After his elderly father jumped out of a window to his death, haunted by memories of Spain's civil war and its aftermath, Antonio Altarriba made a graphic novel out of the old man's life, in a bid to lay his demons posthumously to rest.
Published in 2009, "The Art of Flying" became a best-selling comic in Spain -- part of a trend in the country's renascent industry of remembering a conflict that had long been brushed under the carpet.
"Towards the end, my father made a very short but tragic assessment of his life," lamenting that it had "all (been) for nothing," says Altarriba.
"I can now tell my father that all was not for nothing," he said.
The graphic novel follows Antonio senior through the bloody 1936-9 civil war, General Francisco Franco's subsequent dictatorship and the fragile transition to democracy after his death in 1975.
At the time, authorities opted to draw a veil over the past, and this dark period of Spain's history remains suppressed to this day, for fear of reviving once-bloody divisions, despite growing calls to heal still-open wounds.
But fiction has attempted to plug this hole and the theme of the war has abounded in films, novels... and in comic books.
Michel Matly, who has published a thesis on the conflict's portrayal in comics at France's Blaise Pascal University, says the format comic-book format has a long history.
Both sides of the civil war -- Republicans and Nationalists -- used comics for propaganda.
"This was a time when people sometimes had trouble reading or were illiterate, and comics were a good way to relay messages," he says.
But under Franco's dictatorship the theme was largely stifled.
It was only in the early days of democracy that it came back to life in comic books, albeit in watered-down mode in keeping with the general policy of appeasement.
Then in the 1990s, the industry went through a crisis during which many comic magazines shut down, Matly says.
At the turn of the century, the industry took off again, fuelled by an economic bonanza and the arrival of graphic novels -- a longer book format.
At the same time, more and more people were clamouring for the civil war to be addressed -- culminating in a 2007 "historical memory law" that finally recognised victims of the conflict and Franco's dictatorship.
"People talked more about the issue... many books were written, and the same thing happened in comics," says Paco Roca, who created several acclaimed graphic novels on the conflict.
This time round, though, the comic books were more raw.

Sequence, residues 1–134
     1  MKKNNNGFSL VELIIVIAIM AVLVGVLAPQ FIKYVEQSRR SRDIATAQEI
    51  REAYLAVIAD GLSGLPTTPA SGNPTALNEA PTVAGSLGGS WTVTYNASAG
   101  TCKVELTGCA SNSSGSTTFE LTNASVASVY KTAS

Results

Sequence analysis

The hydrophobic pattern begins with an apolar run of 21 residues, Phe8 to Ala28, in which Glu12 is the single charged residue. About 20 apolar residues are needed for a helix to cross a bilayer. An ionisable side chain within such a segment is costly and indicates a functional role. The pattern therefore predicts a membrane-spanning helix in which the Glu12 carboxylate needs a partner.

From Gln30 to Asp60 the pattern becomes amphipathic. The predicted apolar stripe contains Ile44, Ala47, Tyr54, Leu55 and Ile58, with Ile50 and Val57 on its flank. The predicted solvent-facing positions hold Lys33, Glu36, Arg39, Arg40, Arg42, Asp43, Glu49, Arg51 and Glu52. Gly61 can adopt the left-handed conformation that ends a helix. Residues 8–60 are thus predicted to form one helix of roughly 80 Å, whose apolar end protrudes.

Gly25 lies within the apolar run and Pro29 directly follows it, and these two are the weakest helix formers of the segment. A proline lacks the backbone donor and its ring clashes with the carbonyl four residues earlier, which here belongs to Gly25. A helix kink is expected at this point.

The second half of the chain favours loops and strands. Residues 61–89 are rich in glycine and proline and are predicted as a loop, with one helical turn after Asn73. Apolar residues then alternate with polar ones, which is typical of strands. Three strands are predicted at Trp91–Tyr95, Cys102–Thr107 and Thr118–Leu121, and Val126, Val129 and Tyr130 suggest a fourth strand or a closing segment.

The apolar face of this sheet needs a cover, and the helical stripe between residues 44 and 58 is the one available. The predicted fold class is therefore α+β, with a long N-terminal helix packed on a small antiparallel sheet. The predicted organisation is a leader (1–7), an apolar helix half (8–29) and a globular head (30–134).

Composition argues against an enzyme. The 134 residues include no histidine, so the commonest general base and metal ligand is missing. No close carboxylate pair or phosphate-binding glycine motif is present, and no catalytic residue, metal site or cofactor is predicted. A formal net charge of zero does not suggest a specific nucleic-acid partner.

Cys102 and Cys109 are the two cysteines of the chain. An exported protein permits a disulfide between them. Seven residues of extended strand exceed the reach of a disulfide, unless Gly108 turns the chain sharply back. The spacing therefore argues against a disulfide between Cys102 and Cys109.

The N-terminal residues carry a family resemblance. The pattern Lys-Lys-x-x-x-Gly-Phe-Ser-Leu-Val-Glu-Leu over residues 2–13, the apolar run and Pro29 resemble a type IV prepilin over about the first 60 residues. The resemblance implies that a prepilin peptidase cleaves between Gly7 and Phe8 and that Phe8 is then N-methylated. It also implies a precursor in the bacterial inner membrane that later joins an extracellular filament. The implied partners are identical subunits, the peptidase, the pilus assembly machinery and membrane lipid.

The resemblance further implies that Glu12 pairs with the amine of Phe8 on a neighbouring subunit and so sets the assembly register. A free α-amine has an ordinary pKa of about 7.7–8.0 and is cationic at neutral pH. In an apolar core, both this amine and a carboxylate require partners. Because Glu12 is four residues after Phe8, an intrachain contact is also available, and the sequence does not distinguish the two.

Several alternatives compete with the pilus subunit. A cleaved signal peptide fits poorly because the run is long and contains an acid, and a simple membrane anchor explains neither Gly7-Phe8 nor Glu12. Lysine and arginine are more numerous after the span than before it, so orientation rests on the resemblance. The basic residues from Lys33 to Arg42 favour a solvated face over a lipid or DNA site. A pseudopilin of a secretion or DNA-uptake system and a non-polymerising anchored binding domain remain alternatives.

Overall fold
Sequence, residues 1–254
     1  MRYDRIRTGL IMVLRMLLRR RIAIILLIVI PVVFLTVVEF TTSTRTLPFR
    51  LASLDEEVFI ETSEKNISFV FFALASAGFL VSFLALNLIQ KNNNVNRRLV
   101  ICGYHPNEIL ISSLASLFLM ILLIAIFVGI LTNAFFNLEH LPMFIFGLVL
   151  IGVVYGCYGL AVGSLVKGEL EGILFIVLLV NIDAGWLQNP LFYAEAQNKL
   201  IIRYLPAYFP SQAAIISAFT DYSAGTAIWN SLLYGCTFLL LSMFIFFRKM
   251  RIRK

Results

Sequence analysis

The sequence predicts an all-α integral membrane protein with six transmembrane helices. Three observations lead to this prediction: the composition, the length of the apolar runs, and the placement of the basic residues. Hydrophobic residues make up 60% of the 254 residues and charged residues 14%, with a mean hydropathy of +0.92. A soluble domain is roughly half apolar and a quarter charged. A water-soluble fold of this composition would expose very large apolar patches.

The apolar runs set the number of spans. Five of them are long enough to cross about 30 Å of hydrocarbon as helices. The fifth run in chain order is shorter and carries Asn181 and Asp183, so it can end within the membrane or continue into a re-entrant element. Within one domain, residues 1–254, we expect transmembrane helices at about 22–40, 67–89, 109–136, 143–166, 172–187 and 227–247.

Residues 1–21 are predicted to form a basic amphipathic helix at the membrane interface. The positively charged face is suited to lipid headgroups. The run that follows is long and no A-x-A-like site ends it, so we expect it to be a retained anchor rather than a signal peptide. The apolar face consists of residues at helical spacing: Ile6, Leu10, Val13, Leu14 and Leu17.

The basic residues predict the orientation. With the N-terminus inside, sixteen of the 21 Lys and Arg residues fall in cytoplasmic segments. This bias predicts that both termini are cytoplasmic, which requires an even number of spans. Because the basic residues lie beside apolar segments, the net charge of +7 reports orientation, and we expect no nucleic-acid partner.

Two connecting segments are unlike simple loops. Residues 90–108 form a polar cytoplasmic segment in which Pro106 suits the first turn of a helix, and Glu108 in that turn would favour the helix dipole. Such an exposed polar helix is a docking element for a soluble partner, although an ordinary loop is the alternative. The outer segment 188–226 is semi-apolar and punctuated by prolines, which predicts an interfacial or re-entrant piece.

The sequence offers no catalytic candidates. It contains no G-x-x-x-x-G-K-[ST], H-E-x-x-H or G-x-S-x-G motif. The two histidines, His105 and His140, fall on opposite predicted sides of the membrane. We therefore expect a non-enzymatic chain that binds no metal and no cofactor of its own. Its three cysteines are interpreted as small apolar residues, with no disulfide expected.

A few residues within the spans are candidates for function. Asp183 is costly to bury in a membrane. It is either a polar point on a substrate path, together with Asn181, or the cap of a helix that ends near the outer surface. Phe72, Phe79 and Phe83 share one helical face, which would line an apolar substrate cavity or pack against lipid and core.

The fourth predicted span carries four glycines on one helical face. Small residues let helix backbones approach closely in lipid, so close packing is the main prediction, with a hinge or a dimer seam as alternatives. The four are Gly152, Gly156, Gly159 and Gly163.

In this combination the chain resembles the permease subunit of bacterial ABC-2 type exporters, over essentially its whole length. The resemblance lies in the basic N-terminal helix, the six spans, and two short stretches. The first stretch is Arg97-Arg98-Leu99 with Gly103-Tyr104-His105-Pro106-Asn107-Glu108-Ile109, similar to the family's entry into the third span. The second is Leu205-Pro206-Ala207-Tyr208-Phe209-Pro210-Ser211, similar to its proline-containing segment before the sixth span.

Carlos Gimenez's "36-39 Malos Tiempos" ("36-39 Bad Times") about the siege of Madrid by nationalist forces is a case in point.
Based on the testimony of a man who experienced the war, it graphically recounts harrowing stories: from a mother's decision to give away her son's beloved cat, to a starving neighbour or a man's terror at seeing someone decapitated in a bombing.
But whereas people reached saturation point with books and films on the issue, graphic novels continued to appeal with their powerful, accessible mix of text and drawings, even if the industry remains small.
Matly says that more than 120 comics were published between 2001 and 2015 in Spain on the subject, and they keep coming.
Historian Paul Preston's definitive book on the conflict for instance has been adapted into a graphic novel this year.
Sarah Harris, a US specialist in narratives of trauma in Spanish fiction, says that the nature of comics -- where people can pause and reflect on a page -- makes them a powerful medium for remembrance.
"It's become a way to testify," Altarriba says.
"I speak a lot with readers who are the great-grandchildren of people who experienced the war... and it's clear that there is a strong will to fill the gaps."
Roca experienced this first hand when he created "Los Surcos del Azar" ("Furrows of Fate") about Miguel Campos, who fled the war to north Africa and went on to fight the Nazis in France.
Campos genuinely existed although he disappeared in France, prompting Roca to fictionalise the latter part of the story.
But Campos's granddaughter read it and contacted Roca, thinking he may have traced him down.
"I had to say it was fiction... But I put the family in touch with the historian Robert Coale and they are now piecing together his life."
Summing up the malaise surrounding the civil war, late author Ramiro Pinilla wrote in a forward to Gimenez's "36-39 Malos Tiempos" that Spain wanted nothing more than to put the past behind.
"We want to turn the page... but not before reading it," he said.
"Because there was a war, I saw it."
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